Del reviews ‘Kong Skull Island’
“Kong Skull Island” Starring Tom Hiddleston, Samuel L. Jackson, Brie Larson. Directed by Jordan Vogt-Roberts. 1 hour, 58 minutes. Rated PG-13.
King Kong really needs to find a Mrs. Kong, if you know what I mean.
That poor, besotten beast, trapped all alone on Skull Island without the company of a female, has developed a frightening case of blue –
Cough cough cough. Ahem! Sorry about that. I momentarily forgot about this review’s PG rating.
Suffice it to say that in many of the Kong iterations we see a lonely ape the size of the federal deficit pining for a tiny but beautiful human woman, which ultimately leads to his demise, usually at the trigger finger of a sympathetic but competitive human male who has no intention of sharing his tiny but beautiful human woman with a giant ape, even if the giant ape is a movie star.
You don’t see that in many Plenty of Fish profiles.
In “Kong: Skull Island,” the eighth outing for the sexually frustrated mega-simian, movie fans receive a rehashing of many of the Kong tropes with a few new wrinkles that don’t add anything to the canon. But then the movie’s purpose is not to tread new ground but pave old ground for a sequel.
In “Skull Island” Bill Randa (John Goodman), a functionary in the Monarch organization (which figured into another recent giant creature movie), convinces a senator to fund a trip to Skull Island to look for, well, whatever is there – oil, uranium, or monsters.
Oh, and he needs a military escort.
That brings Lt. Col. Preston Packard (Samuel L. Jackson) into the picture, along with his unit of cannon fodder and one young non-com comedian (Thomas Mann). They’re joined by pacifist war photographer Mason Weaver (Brie Larson) and noted tracker Loki, er, James Conrad (Tom Hiddleston) to complete the lineup.
The group arrives aboard a fleet of helicopters that, after traversing some seriously bad weather that would have folks like you and me clutching air sickness bags like rosaries, reaches the jungle-infested canyons and scenic vistas of Skull Island. Hell immediately breaks lose and does not stop until about a hundred minutes later when the credits roll.
Pacing was off. My impression during the movie was that plot development was moving along too quickly, as if director Vogt-Roberts had taken input from an efficiency expert. Characters were hurriedly sketched, given only a short scene to establish their bonafides and histories, and then it was off to the races.
The script struck me as strangely flat. While the movie offered many funny lines, it missed what I thought were better opportunities for funnier lines. The actors had little to sink their teeth into.
John Goodman’s and Samuel L. Jackson’s characters were straight out of central casting, and as a result their particular branches of the conflict were similarly hackneyed. In fact the Jackson conceit, that of a military fanatic bent on destroying Kong, struck me as unrealistic and at times stupid.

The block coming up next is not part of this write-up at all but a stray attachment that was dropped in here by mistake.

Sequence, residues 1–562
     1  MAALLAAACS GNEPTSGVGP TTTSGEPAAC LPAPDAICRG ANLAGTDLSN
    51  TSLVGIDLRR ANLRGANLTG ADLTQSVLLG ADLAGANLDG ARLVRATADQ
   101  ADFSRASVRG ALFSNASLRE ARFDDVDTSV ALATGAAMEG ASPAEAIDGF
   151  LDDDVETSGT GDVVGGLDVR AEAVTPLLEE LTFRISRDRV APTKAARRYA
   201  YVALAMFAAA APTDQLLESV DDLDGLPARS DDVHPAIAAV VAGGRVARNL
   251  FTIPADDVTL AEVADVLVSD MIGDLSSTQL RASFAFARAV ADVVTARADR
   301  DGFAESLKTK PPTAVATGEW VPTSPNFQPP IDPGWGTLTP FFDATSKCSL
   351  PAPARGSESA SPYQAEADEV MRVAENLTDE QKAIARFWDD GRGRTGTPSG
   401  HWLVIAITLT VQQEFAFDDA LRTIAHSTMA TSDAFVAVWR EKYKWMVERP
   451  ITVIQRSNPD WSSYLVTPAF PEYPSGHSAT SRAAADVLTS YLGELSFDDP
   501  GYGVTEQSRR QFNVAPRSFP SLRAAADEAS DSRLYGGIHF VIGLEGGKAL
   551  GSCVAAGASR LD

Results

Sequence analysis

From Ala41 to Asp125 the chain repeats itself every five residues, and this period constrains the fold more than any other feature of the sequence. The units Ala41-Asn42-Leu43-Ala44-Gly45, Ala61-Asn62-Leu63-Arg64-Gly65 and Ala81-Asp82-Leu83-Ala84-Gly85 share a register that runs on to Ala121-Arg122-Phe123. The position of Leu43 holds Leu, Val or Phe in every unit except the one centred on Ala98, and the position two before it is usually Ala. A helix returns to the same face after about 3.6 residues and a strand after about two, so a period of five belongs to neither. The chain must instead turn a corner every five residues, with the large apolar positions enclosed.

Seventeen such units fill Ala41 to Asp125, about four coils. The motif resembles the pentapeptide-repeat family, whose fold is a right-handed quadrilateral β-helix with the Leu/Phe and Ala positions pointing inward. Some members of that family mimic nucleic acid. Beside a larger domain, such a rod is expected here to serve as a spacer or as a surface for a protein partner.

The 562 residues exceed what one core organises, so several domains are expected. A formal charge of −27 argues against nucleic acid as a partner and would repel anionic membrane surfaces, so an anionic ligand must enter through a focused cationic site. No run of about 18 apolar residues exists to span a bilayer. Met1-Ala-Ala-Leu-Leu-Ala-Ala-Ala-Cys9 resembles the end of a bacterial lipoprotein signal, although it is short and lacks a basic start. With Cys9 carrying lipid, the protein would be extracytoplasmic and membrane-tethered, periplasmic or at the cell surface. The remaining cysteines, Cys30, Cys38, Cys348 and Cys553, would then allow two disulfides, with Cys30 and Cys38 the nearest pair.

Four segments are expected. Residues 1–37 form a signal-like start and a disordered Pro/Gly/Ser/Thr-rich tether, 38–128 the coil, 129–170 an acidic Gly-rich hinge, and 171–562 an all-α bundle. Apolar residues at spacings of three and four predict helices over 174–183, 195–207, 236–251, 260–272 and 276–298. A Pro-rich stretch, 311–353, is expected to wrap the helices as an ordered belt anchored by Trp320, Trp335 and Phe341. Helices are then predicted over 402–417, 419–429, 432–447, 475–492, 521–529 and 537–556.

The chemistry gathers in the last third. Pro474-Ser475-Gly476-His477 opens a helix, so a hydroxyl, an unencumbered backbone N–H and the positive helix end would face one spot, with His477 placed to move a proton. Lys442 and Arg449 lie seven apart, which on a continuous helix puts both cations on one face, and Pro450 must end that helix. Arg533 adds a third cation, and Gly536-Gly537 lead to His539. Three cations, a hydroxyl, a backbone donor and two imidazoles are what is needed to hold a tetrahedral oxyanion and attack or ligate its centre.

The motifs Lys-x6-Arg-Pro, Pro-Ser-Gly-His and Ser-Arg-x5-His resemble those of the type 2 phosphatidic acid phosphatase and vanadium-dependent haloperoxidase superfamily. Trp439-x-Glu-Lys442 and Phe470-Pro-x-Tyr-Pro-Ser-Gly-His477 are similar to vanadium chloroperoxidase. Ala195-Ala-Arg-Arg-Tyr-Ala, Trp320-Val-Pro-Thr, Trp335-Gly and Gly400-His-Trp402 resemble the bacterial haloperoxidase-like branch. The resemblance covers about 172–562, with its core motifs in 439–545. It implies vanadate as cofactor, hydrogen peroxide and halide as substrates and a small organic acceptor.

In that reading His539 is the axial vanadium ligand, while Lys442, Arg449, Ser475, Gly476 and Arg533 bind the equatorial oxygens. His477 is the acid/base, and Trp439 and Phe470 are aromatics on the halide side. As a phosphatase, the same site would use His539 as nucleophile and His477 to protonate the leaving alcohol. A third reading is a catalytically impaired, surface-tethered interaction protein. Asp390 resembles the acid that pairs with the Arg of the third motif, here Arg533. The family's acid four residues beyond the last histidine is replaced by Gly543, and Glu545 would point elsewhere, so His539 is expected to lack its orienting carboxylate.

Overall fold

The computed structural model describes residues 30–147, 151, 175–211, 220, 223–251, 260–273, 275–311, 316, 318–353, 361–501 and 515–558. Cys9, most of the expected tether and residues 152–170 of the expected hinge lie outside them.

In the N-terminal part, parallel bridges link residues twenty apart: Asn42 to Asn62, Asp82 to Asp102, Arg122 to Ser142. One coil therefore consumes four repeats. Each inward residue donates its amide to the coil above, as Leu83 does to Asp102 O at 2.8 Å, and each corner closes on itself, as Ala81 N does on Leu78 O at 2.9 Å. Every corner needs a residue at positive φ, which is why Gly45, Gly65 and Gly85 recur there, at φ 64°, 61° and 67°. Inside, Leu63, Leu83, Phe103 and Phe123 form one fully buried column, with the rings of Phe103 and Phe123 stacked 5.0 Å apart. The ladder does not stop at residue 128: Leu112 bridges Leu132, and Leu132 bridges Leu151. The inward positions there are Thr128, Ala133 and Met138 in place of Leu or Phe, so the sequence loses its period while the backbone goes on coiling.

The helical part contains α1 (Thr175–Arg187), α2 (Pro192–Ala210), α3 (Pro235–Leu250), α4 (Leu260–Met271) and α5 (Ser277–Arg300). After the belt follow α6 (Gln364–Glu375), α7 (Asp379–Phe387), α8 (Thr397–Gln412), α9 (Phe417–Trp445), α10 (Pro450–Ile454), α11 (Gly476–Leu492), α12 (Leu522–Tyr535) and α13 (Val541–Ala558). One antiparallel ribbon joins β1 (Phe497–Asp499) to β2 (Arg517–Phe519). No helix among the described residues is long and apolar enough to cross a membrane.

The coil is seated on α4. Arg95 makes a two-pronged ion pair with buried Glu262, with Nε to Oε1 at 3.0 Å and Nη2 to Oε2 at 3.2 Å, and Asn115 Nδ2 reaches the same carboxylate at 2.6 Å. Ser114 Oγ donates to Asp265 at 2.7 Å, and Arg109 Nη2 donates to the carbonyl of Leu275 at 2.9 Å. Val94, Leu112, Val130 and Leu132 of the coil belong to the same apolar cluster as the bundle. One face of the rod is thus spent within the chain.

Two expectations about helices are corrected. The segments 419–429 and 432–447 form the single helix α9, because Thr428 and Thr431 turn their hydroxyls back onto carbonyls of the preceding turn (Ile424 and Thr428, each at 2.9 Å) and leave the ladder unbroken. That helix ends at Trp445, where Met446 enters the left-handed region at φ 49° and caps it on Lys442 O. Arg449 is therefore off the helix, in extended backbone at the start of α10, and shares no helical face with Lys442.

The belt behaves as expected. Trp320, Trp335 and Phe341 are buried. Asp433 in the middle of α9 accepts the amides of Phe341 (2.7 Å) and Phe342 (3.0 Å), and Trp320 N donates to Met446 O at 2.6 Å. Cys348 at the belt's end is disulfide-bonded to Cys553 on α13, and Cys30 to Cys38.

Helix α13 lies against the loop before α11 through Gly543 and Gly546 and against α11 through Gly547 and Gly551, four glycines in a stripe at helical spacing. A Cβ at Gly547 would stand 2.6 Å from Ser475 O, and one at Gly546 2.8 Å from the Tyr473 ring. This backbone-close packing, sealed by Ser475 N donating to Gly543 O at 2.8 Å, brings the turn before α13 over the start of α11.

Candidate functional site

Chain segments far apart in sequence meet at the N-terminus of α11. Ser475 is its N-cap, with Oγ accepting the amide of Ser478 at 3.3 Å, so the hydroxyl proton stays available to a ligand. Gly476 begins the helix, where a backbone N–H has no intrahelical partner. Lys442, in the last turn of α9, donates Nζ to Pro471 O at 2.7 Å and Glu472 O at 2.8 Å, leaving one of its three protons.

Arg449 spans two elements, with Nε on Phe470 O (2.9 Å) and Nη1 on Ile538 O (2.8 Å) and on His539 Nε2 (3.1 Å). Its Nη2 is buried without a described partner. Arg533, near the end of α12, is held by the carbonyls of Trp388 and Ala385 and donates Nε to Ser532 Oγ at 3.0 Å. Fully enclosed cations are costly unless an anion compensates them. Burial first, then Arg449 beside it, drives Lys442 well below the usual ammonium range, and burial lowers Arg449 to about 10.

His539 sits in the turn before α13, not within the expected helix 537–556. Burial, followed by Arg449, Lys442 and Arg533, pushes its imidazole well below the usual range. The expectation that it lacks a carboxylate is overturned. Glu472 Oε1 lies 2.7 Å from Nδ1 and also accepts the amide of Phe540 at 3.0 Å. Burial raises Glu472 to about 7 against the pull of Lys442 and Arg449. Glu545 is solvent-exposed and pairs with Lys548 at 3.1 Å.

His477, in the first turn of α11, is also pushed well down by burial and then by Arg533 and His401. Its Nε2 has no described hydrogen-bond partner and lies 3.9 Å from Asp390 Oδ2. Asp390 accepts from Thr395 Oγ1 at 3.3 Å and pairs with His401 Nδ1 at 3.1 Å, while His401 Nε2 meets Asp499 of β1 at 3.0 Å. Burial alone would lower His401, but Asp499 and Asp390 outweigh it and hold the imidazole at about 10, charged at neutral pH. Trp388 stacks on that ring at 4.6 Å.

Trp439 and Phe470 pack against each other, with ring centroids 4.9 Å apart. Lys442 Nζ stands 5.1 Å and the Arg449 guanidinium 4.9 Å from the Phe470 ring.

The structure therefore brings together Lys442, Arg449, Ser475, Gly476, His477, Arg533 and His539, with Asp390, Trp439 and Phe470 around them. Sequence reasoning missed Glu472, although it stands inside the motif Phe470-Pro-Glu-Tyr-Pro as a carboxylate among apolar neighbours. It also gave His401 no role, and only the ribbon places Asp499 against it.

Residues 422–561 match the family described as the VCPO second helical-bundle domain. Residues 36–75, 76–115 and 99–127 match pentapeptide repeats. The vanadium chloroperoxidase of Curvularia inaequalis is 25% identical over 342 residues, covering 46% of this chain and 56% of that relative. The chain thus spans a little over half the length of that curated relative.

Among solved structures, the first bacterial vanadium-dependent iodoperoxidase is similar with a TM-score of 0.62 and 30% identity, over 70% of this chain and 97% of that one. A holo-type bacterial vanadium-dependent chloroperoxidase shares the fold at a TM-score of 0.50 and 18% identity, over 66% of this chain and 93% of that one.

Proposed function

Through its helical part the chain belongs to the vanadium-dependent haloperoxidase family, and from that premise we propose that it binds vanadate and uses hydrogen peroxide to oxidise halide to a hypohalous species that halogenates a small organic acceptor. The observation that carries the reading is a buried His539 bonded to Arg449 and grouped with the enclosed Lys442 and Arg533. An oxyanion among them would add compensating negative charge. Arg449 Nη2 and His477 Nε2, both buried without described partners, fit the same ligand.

Hiddleston and Larson were good despite the flat script, and Mann, as always, finds a way to inject life into his roles. John C. Reilly was excellent as World War II vet Hank Marlow, and his character provides the only watery-eye potential in the entire movie. Stay to the very end for that.
Many movies these days throw in an Easter egg after the credits, and you’ll need to sit through the entire run-through of credits for “Skull Island” to see which giant monster may figure into the sequel.
Overall I would grade “Skull Island” with a C+. I’ll give it high marks for a decent fight scene and monster mayhem, but low marks for clichéd characters, skimpy characterization, a threadbare script and hurried pacing.
Del Stone Jr. is a former journalist and author.
“Jurassic World” Starring Chris Pratt, Bryce Dallas Howard and Vincent D’Onofrio. Directed by Colin Trevorrow. 124 minutes. Rated PG-13.
Mix equal parts “Jurassic Park,” “The Lost World” and “Jurassic Park III.” Boil for two hours. Voila! You’ve just prepared an inoffensive addition to the Jurassic canon, one that breaks no new ground but commits no great sin.
“Jurassic World” is the vanilla custard of the series, meaning it is a simple dish that offers a taste everyone can love. It presents an everyman hero; a beautiful damsel in distress; children whose peril reunites their parents; and a big, scary dinosaur, all of it frocked in a thin cloak of subtext about the hubris of genetic engineering and corporate greed. In other words, just another day at the Democratic National Convention.
Chris Pratt’s Owen is an animal trainer who is brought to the new Jurassic World theme park by Claire (Bryce Dallas Howard), his former love interest who serves as a kind of Effie Trinket for the park. Seems their newest creation, Indominus rex, has broken out of its paddock and is eating the tourists. Very bad for publicity. The hope is Owen can figure out what Indominus will do next so they can recapture the beastie and return it to its cage.
But as everyone but the characters in all Jurassic movies have learned, things go awry as Claire’s nephews, Gray (Ty Simpkins) and Zach (Nick Robinson) became stranded in the weeds with Indominus in hot pursuit, and a slyly amoral Hoskins (Vincent D’Onofrio) maneuvers and manipulates to take over the park from its helicopter driving CEO, Simon Masrani (Irrfan Khan).